21 Aug 2014
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Patch Instagram photo by sanrafaelpatch
Patch Instagram photo by sanrafaelpatch
Patch Instagram photo by sanrafaelpatch
Patch Instagram photo by sanrafaelpatch

Drakes Bay Oyster Co. to Be Shut Down, 30 Employees Lose Jobs

After 40 years, Secretary of the Interior Ken Salazar announced today that he has decided to let the Drakes Bay Oyster Company's operating permit expire Friday.

Drakes Bay Oyster Co. to Be Shut Down, 30 Employees Lose Jobs Drakes Bay Oyster Co. to Be Shut Down, 30 Employees Lose Jobs

Drakes Bay Oyster Company owner Kevin Lunny called the decision today by Secretary of the Interior Ken Salazar not to extend his company's operating permit "a devastating blow to the West Marin economy and community."

Salazar, who toured the oyster company on Drakes Estero last week, decided the let the permit expire Friday as scheduled.

The oyster operation had a 40-year permit to operate through Nov. 30, 2012. Lunny acquired the business from the Johnson Oyster Co. in 2004 and was seeking a 10-year extension of the permit.

Today's decision will end the company's operations within the Point Reyes National Seashore, including an on-shore oyster processing facility and offshore oyster harvesting activities that occur on 1,000 acres of estuary, the Department of the Interior said in a news release.

"After careful consideration of the applicable law and policy, I have directed the National Park Service to allow the permit for the Drakes Bay Oyster Company to expire at the end of its current term and to return the Drakes Estero to the state of wilderness that Congress designated for it in 1976," Salazar said in a statement.

"I believe it is the right decision for Point Reyes National Seashore and for future generations who will enjoy this treasured landscape," Salazar said.

Lunny said Salazar telephoned him this morning before publicly announcing his decision. "I had to deliver the news to our 30 workers that the Secretary of the Interior has decided to put them out of work and out of their homes," Lunny said.

Some of the workers live on the company's site, according to Lunny."Many of them are highly skilled workers who have been here 30 years," he said. "They grew up in our community. This will forever change West Marin."

Lunny's family also runs a cattle ranch, but the oyster company, which he said brought in about $1.5 million annually, was the family's main source of income.

Lunny said he is still in shock and will have to consult with the company's advisers regarding his next step. A petition on Change.org urging Salazar to renew the lease has gained over 9,000 signatures as of Thursday.

The petition has gain support from Marin and beyond. "[Drakes Bay Oyser Co.] is a source for all that has been there for over 30 years. It should now be considered as part of the environment," posted Marvin Morita from El Cerrito.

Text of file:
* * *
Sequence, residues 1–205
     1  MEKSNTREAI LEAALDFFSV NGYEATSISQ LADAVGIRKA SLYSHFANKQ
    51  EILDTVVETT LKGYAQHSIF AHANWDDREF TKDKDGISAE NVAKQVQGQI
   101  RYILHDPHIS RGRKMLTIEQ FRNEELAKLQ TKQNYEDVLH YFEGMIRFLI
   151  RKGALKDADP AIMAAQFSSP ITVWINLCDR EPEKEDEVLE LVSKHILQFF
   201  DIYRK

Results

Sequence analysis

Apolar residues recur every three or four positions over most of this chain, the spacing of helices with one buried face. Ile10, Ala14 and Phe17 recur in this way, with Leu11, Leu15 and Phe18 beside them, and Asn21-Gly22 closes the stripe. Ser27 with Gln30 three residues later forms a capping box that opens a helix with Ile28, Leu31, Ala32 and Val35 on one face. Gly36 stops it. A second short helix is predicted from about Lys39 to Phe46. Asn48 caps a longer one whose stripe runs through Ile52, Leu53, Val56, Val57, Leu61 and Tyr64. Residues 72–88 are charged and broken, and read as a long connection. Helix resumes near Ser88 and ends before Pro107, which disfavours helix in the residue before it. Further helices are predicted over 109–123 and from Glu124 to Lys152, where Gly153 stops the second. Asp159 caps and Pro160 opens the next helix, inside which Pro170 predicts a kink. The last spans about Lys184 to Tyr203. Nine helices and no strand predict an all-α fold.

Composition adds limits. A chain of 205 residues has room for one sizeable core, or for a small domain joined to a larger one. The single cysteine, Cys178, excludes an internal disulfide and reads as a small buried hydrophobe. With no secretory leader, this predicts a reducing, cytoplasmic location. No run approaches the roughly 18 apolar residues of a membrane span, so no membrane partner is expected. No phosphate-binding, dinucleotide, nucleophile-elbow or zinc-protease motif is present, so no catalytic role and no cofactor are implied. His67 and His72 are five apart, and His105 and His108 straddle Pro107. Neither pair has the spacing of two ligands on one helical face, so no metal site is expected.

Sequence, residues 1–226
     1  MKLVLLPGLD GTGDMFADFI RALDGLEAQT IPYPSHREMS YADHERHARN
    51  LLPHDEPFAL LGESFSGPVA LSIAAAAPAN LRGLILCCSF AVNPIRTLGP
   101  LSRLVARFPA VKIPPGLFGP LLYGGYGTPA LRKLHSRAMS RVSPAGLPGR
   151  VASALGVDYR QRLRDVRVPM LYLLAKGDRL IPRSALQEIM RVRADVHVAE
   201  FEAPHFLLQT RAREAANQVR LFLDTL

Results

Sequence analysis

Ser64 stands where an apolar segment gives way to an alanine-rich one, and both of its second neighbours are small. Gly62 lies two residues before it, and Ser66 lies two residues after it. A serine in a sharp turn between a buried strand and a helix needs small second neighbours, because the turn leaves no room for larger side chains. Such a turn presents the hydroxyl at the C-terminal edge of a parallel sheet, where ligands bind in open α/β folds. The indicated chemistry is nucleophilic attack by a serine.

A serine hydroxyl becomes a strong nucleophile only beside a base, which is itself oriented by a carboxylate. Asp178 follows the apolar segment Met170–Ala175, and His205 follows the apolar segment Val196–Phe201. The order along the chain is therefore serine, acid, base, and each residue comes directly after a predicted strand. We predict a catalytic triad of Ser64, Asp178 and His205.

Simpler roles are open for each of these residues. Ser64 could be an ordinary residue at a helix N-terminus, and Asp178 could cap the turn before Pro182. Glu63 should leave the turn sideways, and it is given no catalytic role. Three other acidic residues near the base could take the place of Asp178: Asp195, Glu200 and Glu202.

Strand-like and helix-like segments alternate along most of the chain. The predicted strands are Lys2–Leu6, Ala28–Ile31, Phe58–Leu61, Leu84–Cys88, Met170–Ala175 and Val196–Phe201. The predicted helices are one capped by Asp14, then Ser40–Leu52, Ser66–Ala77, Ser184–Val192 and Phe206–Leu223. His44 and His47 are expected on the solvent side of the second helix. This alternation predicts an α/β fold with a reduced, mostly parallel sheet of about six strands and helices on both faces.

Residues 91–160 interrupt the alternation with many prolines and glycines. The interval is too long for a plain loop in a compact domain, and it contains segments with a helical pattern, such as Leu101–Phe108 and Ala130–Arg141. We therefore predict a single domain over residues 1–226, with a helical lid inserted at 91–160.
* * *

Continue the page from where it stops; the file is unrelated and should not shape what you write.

"If the oyster farm goes, the rest of the ranches will go next," posted Pt. Reyes Station resident Steve Doughty.

U.S. Sen. Dianne Feinstein favored extending the oyster company's permit. She asked the National Academy of Sciences to evaluate a National Park Service report that was critical of the oyster company's presence in the national seashore.

"I am extremely disappointed that Secretary Salazar chose not to renew the operating permit for Drakes Bay Oyster Company," Feinstein said on her website today.

"The National Park Service's review process has been flawed from the beginning with false and misleading science, which was also used in the Environmental Impact Statement," Feinstein said.

"The secretary's decision effectively puts this historic California oyster farm out of business. As a result, the farm will be forced to cease operations and 30 Californians will lose their jobs," she said.

Environmentalists and the National Park Service objected to the oyster company's operations, claiming they were a threat to endangered species, including harbor seals.

A spokesman for the Point Reyes National Seashore did not immediately return a call for comment this afternoon.

U.S. Sen. Barbara Boxer said she has great respect for Salazar's decision."He studied the issue carefully, he listened closely to all sides and, in the end, he made his decision based on the science and the law," Boxer said.

Salazar's supporters also included retired Congresswoman Lynn Woolsey, who said the secretary made a "fair, thorough and knowledgeable" decision.

"[Salazar's] personal experience as a rancher gave him a unique perspective in addressing these issues that lends additional credibility to his decision," she said in a statment. "By directing the National Park Service to pursue permit extensions (from 10 to 20 years) for ranches operating in the Point Reyes National Seashore pastoral zone, he is making every effort to give ranchers the certainty they need to thrive."

Sierra Club executive director Michael Brune said, "We're thrilled that after three decades, this amazing piece of Point Reyes National Seashore will finally receive the protection it deserves."

"Preserving this area fulfills Congress' promise to all Americans when it passed the Point Reyes Wilderness Act. The National Park Service rightly concluded in its study that the oyster factory is damaging the national park," Brune said.

--Bay City News Service

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